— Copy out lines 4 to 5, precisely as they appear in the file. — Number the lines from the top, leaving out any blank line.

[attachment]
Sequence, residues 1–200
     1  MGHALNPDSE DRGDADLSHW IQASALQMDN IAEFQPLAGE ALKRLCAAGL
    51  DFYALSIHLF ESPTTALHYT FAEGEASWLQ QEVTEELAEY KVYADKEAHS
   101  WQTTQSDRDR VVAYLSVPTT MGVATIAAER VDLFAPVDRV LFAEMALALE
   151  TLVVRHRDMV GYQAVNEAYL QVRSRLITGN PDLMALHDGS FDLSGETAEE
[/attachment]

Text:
   101  WQTTQSDRDR VVAYLSVPTT MGVATIAAER VDLFAPVDRV LFAEMALALE
   151  TLVVRHRDMV GYQAVNEAYL QVRSRLITGN PDLMALHDGS FDLSGETAEE